"That was the tough part. He's had a stroke. He's in an assisted-living facility. That was a tough decision. And the tough part [about the cancer diagnosis] was I didn't want to tell him about it," Kay Yow said.
"I'm the power of attorney. I'm the one that cares for him, who does all his checks, everything. I didn't want to put that worry on him."
Only after the medical information was all in and her surgical and post-operative plans made did Yow then share her personal news, first with her father, choosing to deal with it in such a way as to minimize the publicity and the impact on her team.
After surgery last month, Yow's oncologist said she is now cancer-free. Still, there was talk of post-operative treatment with chemotherapy and/or radiation, to keep Yow cancer-free. But Yow had a different idea.
The organic diet is a new, holistic approach that Yow has decided to adopt, giving up sugar, caffeine, chocolate and all the other good stuff that a Southern girl from Gibsonville, N.C., would indeed love to eat.
Sympathy, concern, love: All that has since poured out from all corners for Kay Yow, especially from her younger sisters. However, even the stark reality of cancer, of recovery, of life's bigger picture outside the basketball court couldn't completely eclipse the competitive fire that burns.
"How's my sister, besides happy?" Debbie Yow asked last week after N.C. State's win over Maryland.
Debbie Yow was only slightly amused that the Wolfpack (15-4) had made thorough work of exposing the Terps' youthfulness and injury-depleted ranks. The Terps, hurt by the season-ending Achilles' injury to standout freshman Laura Harper, would slide to No. 20 by the time Monday's poll was released. Meanwhile, surging N.C. State broke into the Associated Press' Top 25 poll - at No. 25 - for the first time in three years.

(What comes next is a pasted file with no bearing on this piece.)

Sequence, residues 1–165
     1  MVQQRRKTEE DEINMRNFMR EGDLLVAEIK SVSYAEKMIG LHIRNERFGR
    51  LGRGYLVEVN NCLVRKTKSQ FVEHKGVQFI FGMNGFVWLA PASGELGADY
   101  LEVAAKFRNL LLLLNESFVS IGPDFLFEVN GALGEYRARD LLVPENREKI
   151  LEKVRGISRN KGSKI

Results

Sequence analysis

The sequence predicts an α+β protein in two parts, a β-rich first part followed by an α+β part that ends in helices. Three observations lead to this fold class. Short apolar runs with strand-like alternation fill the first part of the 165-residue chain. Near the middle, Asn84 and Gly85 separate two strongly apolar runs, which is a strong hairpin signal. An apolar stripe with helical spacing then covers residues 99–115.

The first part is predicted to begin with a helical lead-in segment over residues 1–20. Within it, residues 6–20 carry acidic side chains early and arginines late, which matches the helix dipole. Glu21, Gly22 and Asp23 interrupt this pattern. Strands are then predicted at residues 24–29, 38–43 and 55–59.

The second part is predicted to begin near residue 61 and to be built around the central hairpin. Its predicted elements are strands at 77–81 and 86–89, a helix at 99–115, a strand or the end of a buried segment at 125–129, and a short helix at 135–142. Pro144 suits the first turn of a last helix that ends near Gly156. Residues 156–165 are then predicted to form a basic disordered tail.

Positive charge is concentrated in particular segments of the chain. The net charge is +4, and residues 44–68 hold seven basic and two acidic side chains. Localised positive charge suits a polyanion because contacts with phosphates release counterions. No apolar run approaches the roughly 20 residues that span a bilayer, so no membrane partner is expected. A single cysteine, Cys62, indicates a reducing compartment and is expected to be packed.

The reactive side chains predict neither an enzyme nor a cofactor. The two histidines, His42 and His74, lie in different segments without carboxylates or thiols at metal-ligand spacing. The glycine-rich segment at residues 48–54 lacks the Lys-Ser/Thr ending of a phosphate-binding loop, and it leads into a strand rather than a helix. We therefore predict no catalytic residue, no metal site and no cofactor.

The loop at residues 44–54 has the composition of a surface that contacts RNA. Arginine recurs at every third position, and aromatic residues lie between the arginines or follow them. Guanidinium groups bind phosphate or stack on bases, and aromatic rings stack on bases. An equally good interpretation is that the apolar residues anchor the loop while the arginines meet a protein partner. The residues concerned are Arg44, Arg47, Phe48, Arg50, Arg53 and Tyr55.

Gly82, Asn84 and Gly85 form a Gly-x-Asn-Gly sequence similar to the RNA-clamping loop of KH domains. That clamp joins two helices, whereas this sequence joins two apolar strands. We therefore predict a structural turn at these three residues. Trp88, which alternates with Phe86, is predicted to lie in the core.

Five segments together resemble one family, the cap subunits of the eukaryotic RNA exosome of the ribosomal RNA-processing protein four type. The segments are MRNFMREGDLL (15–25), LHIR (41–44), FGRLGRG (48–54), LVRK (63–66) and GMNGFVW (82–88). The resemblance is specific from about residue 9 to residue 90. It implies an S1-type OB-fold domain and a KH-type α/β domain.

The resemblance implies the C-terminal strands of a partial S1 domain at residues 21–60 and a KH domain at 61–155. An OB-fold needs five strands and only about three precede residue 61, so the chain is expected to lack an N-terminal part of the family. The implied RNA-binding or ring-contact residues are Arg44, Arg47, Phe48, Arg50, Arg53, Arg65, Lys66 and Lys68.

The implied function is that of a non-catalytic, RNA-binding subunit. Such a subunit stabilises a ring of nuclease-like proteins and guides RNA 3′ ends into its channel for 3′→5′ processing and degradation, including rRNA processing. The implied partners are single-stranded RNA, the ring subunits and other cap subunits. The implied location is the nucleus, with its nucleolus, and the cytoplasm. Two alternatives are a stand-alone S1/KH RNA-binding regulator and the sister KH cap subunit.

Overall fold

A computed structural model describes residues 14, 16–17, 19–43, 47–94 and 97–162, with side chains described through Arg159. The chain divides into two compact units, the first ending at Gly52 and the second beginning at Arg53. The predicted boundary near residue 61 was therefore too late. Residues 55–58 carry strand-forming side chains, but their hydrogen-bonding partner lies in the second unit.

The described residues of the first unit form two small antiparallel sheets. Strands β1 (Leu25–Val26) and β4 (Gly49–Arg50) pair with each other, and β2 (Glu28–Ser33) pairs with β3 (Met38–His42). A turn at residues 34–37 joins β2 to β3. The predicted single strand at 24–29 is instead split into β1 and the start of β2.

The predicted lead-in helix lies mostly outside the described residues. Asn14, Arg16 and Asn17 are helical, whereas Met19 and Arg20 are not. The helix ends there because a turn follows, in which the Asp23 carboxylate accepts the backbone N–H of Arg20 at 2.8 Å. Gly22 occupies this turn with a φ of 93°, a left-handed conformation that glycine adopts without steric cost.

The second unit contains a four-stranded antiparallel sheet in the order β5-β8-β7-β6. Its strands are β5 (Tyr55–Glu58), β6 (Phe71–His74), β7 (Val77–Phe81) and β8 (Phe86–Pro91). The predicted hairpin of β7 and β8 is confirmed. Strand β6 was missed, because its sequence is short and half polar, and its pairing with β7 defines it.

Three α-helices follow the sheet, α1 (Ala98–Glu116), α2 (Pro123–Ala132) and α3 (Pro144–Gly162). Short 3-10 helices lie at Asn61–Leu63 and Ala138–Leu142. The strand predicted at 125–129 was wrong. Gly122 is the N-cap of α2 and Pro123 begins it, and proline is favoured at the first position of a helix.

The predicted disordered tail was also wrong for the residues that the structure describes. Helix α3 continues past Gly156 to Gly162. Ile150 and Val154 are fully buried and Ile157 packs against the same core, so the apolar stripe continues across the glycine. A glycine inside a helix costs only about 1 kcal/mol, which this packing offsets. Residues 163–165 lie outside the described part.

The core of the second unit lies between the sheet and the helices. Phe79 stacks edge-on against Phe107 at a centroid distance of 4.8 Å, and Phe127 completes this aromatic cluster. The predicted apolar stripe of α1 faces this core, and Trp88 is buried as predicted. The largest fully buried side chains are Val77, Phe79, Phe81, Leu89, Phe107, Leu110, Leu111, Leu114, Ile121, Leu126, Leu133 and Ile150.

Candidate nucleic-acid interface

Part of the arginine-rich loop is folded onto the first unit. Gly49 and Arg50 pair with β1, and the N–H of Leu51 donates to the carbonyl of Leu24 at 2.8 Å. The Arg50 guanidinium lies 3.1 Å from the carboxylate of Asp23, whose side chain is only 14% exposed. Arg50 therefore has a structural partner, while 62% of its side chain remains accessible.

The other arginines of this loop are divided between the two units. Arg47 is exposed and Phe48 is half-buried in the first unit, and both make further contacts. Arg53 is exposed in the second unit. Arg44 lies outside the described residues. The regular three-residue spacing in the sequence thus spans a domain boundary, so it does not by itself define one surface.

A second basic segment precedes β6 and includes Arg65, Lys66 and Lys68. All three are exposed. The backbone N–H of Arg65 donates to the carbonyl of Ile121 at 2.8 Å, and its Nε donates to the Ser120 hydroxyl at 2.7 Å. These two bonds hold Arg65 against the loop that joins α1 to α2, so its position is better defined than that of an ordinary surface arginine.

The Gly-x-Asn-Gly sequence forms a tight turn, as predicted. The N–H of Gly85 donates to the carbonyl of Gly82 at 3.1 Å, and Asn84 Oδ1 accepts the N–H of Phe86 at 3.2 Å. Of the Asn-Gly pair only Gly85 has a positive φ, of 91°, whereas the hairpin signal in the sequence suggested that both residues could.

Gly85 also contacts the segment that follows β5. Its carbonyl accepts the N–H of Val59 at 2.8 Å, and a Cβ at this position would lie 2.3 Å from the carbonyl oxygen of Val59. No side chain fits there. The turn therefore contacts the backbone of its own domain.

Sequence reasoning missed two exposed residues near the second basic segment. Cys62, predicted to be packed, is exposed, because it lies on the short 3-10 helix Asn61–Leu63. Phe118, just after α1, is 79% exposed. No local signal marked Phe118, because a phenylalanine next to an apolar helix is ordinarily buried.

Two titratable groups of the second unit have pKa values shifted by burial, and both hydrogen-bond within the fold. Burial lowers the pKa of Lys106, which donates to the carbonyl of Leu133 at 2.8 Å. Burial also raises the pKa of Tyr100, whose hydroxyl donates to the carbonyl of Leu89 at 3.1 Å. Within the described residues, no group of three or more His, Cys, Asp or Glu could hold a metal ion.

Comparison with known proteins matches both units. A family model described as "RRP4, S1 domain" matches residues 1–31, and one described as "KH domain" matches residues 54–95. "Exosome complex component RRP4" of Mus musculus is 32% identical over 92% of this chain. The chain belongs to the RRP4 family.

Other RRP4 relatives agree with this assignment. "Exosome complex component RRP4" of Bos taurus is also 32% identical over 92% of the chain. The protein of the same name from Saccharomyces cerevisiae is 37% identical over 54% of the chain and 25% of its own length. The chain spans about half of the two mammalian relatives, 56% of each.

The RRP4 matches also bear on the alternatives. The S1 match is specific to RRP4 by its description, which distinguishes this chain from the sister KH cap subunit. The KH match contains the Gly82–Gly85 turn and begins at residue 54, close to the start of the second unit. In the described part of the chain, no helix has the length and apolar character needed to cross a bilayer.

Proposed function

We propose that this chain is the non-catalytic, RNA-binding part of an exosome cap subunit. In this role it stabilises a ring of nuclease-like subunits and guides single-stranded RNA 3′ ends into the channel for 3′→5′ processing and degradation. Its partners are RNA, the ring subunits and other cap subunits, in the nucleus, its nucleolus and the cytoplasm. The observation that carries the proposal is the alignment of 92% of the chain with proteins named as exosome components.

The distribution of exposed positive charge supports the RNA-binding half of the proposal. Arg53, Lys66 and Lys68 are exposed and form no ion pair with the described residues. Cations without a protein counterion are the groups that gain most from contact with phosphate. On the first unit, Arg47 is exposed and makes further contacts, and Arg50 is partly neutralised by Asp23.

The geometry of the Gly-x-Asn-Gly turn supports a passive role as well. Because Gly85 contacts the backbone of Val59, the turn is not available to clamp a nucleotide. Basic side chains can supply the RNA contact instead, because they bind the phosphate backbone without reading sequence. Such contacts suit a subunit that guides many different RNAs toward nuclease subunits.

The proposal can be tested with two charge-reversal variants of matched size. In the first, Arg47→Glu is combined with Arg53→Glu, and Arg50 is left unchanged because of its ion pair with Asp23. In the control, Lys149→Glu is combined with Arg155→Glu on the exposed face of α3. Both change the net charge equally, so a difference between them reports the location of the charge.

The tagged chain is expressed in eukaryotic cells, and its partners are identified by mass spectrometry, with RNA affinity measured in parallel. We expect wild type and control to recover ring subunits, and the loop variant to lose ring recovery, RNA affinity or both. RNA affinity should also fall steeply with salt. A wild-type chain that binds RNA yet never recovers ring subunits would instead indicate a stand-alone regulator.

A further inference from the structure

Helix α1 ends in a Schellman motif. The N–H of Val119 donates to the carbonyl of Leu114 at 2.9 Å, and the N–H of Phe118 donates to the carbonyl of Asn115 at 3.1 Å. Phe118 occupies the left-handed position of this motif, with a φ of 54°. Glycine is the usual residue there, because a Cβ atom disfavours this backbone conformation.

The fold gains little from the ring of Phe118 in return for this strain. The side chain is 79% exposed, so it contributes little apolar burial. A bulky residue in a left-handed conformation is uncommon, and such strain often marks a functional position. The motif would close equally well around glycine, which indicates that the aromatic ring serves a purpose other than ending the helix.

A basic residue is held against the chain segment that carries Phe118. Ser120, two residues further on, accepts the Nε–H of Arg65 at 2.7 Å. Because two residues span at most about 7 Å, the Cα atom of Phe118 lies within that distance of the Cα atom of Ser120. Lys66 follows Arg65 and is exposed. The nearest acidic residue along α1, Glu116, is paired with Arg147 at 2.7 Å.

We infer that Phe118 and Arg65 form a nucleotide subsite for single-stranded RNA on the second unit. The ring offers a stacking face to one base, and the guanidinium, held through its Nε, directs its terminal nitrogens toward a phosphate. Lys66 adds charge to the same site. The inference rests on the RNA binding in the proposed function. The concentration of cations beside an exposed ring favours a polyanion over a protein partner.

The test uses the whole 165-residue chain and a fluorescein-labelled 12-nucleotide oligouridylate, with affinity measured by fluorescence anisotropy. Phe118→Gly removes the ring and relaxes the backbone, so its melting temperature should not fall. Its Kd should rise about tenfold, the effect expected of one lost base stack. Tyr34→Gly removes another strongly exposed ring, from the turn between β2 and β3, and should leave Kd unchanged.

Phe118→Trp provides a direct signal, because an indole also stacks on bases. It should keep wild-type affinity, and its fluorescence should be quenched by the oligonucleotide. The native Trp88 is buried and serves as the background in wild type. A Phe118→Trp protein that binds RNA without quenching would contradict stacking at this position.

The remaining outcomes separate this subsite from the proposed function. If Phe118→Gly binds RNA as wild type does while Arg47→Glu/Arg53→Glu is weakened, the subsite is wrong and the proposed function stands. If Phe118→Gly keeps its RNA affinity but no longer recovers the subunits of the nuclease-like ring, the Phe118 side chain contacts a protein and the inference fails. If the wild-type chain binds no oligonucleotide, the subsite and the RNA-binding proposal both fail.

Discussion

"It feels great, because to not start out in the poll and not even have a vote, then to just work your way up, it takes a great effort," Kay Yow said. "I think you have to do some special things, and I said at the beginning of the season, this is a special team."
There isn't a basketball fan in the country - except maybe in College Park - who could deny that this is a wonderful way for Kay Yow to be rewarded this season.
"When I took this job, I told Kay she could win every one of her games except the two each season against us. She could still be ranked and go the NCAAs and I would root for her, but not to beat us," Debbie Yow said.
Too late. Maryland is one of the three ranked teams that N.C. State has beaten since Jan. 6, helping put Kay Yow's Wolfpack back among the ranked teams in the country.
"I guess that's the way life can be, sometimes. When you have maybe some of the toughest of times, you also can have some of the best of times," Kay Yow said last week from Raleigh.
She said she hopes she has the discipline to stick with the organic diet she has undertaken, the one that forsakes meat and dairy products and requires Yow to eat 80 percent of her vegetables and fruit raw and 20 percent cooked.
"None of these things has drained me or my enthusiasm. I have a lot of energy. I feel better. It's an overhaul of my lifestyle. Eat, rest and take better care of myself," she said.
"I know that [my sisters] really support what I'm doing, that they believe I'm doing a really good thing, how hard it is to do it. There's a lot of compassion and empathy," she said.
"I love coaching. I have no plans for retirement, although you never completely shut the door on something, if it came my way and I had a great desire to do."
Debbie Yow said there was talk once about her older sister, her former coach, serving as special ambassador for the state of North Carolina. It's an honor the coach deserves.
Her sister, Debbie, thinks so. And not only because it would eliminate that small but annual problem of split loyalty of whom to root for when the Wolfpack plays the Terrapins women.
Terps? Sister? Terps? Sister?